Union Budget 2023: The Government is making Digital Rupee adoption more risk efficient

Union Budget 2023: The Government is making Digital Rupee adoption more risk efficient

It is challenging to raise awareness and people's faith in this transformation as the digital payment space develops

digital rupee

India has made progress in the field of digital payments, but a sizable section of the population is still not using them. According to the World Bank's Global Findex study, 67 crore adults in India with bank accounts did not make any digital payments. According to the survey, India has 26 crore UPI users, which is a large figure but represents less than 20% of the country's population. 

We can assume that these folks do not do business online and instead use cash. Citizens in the banked sector as well as Unbanked individuals make up this population. Government launched e-Rupee or e-INR, which is now being utilized by people, in response to the increasing development in the field of digital payments. 

The introduction of the digital rupee was announced in the Union Budget 2022–23, and the Reserve Bank of India Act 1934 (RBI act) was amended by the Finance Act of 2022 to include digitally issued banknotes in the definition of banknotes.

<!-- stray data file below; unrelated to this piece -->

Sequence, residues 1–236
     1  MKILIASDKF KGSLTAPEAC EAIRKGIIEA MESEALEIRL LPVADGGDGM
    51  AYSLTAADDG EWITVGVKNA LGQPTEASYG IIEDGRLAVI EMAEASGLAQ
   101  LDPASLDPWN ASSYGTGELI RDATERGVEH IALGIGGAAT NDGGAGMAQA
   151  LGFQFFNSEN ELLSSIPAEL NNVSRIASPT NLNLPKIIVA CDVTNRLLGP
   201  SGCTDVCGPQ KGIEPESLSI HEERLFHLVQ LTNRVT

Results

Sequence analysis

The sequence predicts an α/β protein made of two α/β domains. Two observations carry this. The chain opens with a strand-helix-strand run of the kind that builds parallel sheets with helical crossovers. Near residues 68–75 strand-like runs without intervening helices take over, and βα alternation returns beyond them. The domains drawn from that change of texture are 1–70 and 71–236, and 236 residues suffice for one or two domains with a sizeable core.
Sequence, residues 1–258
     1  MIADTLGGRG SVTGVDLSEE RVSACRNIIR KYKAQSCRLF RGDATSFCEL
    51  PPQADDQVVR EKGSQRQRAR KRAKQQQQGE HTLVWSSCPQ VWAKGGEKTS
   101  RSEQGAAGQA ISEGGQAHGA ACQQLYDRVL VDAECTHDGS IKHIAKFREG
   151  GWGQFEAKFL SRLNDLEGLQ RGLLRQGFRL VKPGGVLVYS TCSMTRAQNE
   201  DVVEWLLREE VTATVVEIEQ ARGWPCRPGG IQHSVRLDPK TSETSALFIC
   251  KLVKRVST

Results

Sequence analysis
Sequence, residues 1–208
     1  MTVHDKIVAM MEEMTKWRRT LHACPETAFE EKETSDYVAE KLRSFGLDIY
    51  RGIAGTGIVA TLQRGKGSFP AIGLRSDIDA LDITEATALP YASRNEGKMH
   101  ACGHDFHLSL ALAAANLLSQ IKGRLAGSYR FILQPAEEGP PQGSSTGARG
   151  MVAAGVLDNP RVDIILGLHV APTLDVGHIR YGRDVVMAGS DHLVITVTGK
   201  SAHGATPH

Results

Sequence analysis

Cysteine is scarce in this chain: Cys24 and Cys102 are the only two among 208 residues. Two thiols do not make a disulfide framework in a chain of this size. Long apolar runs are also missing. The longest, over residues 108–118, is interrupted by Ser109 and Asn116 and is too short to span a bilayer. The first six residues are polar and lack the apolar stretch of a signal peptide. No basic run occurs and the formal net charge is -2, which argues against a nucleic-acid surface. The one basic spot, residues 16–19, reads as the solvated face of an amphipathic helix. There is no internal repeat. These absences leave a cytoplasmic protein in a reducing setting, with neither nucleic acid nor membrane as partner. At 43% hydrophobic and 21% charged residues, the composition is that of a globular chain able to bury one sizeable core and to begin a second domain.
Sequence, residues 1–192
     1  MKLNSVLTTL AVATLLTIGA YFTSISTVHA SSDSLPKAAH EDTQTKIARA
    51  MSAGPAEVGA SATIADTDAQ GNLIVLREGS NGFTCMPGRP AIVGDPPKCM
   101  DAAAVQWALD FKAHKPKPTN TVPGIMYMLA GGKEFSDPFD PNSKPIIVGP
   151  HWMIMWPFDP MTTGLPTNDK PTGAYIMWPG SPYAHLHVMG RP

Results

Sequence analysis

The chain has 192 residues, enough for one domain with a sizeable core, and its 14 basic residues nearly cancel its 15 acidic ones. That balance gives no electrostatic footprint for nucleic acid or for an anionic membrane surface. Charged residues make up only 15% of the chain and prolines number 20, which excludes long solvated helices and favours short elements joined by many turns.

The RBI published a concept note on Central Bank Digital Currency (CBDC) in October 2022 to outline the goals, dangers, and advantages of launching a CBDC in India. In order to test the Digital Rupee in the wholesale and retail markets, RBI also started pilot initiatives earlier. A start towards this inclusion may be observed in the retail digital rupee's present design, which has tokenized currency notes and wallet-based operations with a bank account. It provides a simple payment method for those who are familiar with dealing in different currencies. 

Despite the fact that India is a varied nation, many forms of money payments may survive here. The problem is raising people's understanding and faith in new currency developments. RBI has chosen a two-tier distribution mechanism for the digital rupee, with intermediaries handling token distribution and the Central Bank merely managing wholesale payments. 

The main goal in this situation is to make bank office channels, including branches, business correspondents, ATMs, and Digital Banking units, capable of accepting payments and receiving digital rupee in addition to cash. 


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